Monday, January 20, 2014

Starr Pass January 18, 2014

               Looking toward the Catalina Mountains from Starr Pass trail

Location: Starr Pass is located in the Tucson Mountains west of Tucson. To get to the trail head take I-10 south of the University of Arizona toward El Paso, Texas. Turn right onto Starr Pass Blvd and drive until you see Avenida del Correcaminos on your left. Turn left and drive another mile until you arrive at the trail head. This part of the Tucson Mountains has classic Sonoran Desert vegetation and wildlife. Every plant has some sort of thorn or spine on it that will hurt. Be especially careful when around Teddy bear chollas. I would also keep an eye out for rattlesnakes on the trail or in the bushes.

My cousin Franak and I arrived at the trail head at 9:45 am. Neither of us had hiked here before so we didn't have a specific distance or hike in mind.  We started hiking on an unnamed connector which after a mile intercepted the Yetman and Starr Pass Trails. After talking with another hiking group we decided that Starr Pass would be a worth while destination.  The Starr Pass Trail gains elevation moderately as it winds its way to Starr Pass. In this area be careful for illegal trails which can make route finding more difficult.  At Starr Pass Franak and I spent about a half an hour eating lunch and scrambling up some of the surrounding rocks. On our way back we missed a trail junction and ended up at a subdivision near the Starr Pass Resort. We walked on sidewalks for forty minutes before deciding to retrace our route to try and find a familiar trail junction. None of the junctions were signed so neither Franak nor I had any clue as to the correct way back to our car. Finally, two mountain bikers stopped and not only described the route but also walked almost all the way back with us. It turns out at an unsigned trail junction we went right instead of left. Needless to say I was embarrassed.  Before hiking here make sure to have an excellent map of the area and go with someone who has intimate knowledge of Starr Pass trails. Even a good map will not show the illegal mountain bike trails in Tucson Mountain Park. Total mileage including walking aimlessly was about seven miles.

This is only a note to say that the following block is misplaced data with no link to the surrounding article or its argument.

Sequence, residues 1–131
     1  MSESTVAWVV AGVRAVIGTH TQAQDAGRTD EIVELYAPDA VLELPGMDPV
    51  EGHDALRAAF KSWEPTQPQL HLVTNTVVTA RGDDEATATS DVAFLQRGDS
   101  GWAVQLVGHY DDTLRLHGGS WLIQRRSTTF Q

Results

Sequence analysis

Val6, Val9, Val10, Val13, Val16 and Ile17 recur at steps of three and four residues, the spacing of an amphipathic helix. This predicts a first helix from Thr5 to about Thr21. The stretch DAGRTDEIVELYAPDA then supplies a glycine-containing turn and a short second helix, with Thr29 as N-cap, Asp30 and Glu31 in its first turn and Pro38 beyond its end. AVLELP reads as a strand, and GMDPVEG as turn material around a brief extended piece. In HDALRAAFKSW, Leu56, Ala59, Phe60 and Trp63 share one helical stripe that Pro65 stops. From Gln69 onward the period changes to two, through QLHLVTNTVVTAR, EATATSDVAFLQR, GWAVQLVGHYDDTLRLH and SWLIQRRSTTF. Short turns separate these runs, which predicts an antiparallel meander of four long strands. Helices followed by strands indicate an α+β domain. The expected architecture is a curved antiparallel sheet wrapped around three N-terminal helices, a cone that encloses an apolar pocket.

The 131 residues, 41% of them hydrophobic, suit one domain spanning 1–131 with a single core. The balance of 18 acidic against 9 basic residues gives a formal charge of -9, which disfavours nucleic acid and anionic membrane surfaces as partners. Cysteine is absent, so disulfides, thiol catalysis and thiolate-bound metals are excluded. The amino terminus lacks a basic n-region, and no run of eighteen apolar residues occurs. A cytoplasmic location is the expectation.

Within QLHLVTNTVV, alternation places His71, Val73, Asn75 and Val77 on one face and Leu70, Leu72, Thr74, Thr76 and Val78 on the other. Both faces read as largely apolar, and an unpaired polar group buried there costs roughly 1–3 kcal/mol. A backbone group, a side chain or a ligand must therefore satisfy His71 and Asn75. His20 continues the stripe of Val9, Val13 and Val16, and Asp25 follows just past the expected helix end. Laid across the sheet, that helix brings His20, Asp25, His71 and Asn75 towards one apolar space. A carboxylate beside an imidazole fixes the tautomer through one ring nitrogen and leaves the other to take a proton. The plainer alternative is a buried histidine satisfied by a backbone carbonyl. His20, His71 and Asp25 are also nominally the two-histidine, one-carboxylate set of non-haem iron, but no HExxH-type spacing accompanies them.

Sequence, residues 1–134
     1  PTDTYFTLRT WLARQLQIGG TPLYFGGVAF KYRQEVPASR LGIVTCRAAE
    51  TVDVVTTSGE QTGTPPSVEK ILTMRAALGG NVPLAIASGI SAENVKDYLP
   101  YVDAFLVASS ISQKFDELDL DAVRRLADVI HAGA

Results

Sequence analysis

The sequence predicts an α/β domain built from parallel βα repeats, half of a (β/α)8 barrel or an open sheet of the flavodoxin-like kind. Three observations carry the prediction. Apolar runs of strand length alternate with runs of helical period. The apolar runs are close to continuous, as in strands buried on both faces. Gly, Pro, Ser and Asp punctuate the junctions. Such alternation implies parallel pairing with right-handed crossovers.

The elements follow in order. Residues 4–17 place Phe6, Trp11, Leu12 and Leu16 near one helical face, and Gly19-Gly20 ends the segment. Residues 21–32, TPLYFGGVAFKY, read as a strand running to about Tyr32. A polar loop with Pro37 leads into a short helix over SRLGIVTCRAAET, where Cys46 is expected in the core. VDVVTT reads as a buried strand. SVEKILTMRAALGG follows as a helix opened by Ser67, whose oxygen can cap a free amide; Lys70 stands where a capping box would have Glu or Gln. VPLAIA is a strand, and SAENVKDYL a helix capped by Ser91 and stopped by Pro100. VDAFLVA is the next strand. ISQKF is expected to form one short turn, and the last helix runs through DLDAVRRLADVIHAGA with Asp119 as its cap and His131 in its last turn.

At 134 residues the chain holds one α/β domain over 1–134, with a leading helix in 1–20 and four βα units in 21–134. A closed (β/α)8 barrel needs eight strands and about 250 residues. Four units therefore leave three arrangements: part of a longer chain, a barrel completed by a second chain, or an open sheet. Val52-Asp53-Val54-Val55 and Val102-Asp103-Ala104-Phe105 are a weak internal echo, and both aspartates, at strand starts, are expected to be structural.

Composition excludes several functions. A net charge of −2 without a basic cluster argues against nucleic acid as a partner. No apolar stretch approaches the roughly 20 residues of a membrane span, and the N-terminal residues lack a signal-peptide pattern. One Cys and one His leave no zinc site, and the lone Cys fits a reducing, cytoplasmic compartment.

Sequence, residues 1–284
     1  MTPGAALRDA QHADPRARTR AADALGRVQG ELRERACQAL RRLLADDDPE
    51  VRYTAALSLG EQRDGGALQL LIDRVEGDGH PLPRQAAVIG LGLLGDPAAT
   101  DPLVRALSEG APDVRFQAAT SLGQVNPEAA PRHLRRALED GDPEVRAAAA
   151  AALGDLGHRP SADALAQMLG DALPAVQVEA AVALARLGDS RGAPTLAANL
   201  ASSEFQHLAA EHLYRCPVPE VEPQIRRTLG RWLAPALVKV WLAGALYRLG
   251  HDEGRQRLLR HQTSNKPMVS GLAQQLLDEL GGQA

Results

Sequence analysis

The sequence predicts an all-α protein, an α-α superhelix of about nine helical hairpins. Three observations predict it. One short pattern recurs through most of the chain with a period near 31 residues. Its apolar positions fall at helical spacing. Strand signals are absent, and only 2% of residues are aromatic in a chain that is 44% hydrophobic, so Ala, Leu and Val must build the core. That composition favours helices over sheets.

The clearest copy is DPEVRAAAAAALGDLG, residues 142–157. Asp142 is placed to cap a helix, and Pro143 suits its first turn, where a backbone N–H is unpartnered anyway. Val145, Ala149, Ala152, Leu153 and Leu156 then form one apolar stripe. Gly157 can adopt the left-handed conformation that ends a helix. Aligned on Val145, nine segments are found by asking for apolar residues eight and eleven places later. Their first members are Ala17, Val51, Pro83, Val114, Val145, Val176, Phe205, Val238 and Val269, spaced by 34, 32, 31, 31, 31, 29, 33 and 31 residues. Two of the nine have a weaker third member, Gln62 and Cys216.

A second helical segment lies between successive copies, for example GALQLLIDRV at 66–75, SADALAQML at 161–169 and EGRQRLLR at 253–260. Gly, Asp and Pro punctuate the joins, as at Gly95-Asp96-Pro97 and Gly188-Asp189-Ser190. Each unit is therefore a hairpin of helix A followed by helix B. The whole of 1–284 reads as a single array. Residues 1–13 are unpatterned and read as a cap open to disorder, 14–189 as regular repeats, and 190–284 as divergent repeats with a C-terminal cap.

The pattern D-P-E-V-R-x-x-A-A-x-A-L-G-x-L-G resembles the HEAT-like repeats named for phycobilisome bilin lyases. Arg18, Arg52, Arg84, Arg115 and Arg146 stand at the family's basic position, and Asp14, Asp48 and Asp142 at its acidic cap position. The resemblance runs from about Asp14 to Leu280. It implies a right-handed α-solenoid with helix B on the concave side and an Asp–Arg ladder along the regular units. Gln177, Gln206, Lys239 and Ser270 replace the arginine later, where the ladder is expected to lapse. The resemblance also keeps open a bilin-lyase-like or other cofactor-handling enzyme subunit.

Looking west from Starr Pass

                Scenery near the resort

       Tucson Mountains scenery

Sabino Canyon Loop Phoneline Trail & Sabino Creek January 13, 2014

                  Palo verde nursing two Saguaros

Upon completion of this hike on December 6, 2013, this 3.5 mile loop quickly became one of my favorite short hikes in Tucson. In a relative short time it gives visitors a chance to see two different desert habitats the Sonoran Desert bajada and desert riparian. As a result, the plant and animal life change. Early evening is also a good time to photograph desert landscapes. 

On January 13 I returned to Sabino Canyon and completed the hike after an hour and half. I was able to photograph a great sunset and even spend more time at Sabino Dam.

Short description: Trails involved included the main trail to Bear Canyon, Phoneline Trail and Sabino Creek Trail. The hike is 3.5 miles with moderate elevation gain. Finally, trails begin and end at the Sabino Canyon Visitor at the end of Sunrise BlVD. For more detailed information on the route please consult my December 10, 2013, post.

                        Phoneline Trail scenery
                          Golden Saguaros

         Last light on the Catalinas

            Evening glow